Car Crash Impact and Case Value
If you have the misfortune of being involved in a car crash and suffer injuries as a result, the insurance company for the driver at fault will nearly always look at the property damage to the vehicles to determine the extent of the possible injuries. In other words, if there is modest damage to the victim's vehicle, so their argument goes, then the physical injuries could not be that bad. There are several reasons why this is often wrong. First, the damage to the injured party's vehicle may look modest, but the at-fault party's car might be decimated. For example, when a small passenger car runs into the back of a full-sized, pickup truck with a sturdy bumper, you will often see little damage to the bumper but major front-end damage to the passenger car. Additionally, not everybody is physically the same in terms of how easily they can be injured. Older adults with severe arthritis (or some other degenerative condition) might be more susceptible to an injury than the "average", more resilient person. A modest or light impact may cause a severe injury in someone who is more easily harmed.
How To Combat the "Modest Impact" Defense
As mentioned above, one vehicle in an accident may show little damage while the other may be a total loss. It is often important, for this reason, to take photographs of ALL vehicles at the scene of a crash. The insurance company will want to focus all of their attention and their arguments on the least damaged vehicle. Don't fall for this. Simply counter with the fact the at-fault driver's car was destroyed. The force that caused that damage likely traveled into the cab of the injured party's vehicle, regardless of what their rear bumper looks like.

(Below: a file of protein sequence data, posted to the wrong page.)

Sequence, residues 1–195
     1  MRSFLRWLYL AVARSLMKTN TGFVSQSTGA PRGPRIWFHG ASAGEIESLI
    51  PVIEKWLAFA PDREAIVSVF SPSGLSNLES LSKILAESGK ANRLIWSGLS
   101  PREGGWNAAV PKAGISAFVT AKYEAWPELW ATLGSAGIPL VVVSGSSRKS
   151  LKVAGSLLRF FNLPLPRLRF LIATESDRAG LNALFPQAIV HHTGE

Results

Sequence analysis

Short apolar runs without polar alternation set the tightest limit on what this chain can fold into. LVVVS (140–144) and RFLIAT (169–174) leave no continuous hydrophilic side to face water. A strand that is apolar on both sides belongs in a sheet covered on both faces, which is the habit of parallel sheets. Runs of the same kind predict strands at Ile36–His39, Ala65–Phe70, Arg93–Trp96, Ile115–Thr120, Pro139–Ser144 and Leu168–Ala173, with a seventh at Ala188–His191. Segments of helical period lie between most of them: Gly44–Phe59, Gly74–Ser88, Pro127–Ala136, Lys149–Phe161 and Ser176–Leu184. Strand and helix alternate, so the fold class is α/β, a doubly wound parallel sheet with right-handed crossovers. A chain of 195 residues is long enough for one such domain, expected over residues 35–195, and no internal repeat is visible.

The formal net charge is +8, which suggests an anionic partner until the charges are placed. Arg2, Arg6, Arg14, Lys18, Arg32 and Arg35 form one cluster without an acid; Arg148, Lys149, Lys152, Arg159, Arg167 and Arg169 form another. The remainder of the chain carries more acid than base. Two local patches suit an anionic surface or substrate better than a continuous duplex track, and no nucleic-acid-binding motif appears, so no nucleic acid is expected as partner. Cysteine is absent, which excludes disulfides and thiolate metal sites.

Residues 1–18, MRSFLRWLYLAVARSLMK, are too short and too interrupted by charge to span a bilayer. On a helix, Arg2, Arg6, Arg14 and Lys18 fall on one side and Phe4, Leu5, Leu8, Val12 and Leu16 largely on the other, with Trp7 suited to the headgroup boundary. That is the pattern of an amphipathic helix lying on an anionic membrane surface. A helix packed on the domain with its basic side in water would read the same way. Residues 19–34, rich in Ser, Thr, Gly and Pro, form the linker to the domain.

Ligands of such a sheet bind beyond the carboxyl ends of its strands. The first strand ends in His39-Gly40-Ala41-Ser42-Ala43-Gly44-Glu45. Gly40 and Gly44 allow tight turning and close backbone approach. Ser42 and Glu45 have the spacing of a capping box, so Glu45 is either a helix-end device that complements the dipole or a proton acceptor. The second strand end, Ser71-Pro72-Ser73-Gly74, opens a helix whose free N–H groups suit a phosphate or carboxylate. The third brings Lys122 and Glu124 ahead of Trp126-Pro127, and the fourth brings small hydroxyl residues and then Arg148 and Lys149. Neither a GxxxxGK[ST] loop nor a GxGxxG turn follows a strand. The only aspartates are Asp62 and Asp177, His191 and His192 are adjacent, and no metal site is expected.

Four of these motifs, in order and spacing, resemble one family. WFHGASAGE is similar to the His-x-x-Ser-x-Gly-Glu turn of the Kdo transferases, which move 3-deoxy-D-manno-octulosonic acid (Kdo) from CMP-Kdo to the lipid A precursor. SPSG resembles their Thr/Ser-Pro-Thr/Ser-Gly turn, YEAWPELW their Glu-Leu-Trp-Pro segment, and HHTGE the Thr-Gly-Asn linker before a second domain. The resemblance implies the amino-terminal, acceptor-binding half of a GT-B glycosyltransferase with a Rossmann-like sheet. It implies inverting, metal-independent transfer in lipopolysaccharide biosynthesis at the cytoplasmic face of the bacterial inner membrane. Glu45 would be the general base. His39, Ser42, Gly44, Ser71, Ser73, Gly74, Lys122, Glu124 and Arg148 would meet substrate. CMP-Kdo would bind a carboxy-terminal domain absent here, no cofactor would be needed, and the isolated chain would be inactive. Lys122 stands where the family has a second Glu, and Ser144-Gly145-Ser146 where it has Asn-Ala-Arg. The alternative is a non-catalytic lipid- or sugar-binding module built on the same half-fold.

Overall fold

With a victim who is more susceptible to injury (what is known in the law as an "egg-shell" plaintiff), it is often necessary to prove this frailty by gathering and providing medical records that predate the subject accident. Ideally, they will show a pre-existing condition (such as degenerative joint disease, etc.) that was symptomatic in the distant past, but which had not given rise to any complaints or medical treatment recently. When an accident exacerbates an otherwise asymptomatic condition, the at-fault party is liable for all of the injuries and damages that follow. This is known as "taking the victim as they find them." If, on the other hand, the injured party was recently receiving medical treatment for a pre-accident condition, it may be difficult to establish just what harm was caused by the crash.
What To Do After a Car Crash
If you or a loved one has been involved in a car crash that may have left one vehicle with modest damage, do not accept a modest settlement from the insurance company because you do not think you can prove your injuries and damages. Insurance company adjusters spend their entire careers refining and perfecting their arguments. Do not let such a polished argument deny you a fair settlement. A seasoned personal injury attorney can help combat the insurer's arguments and get you the compensation you truly deserve.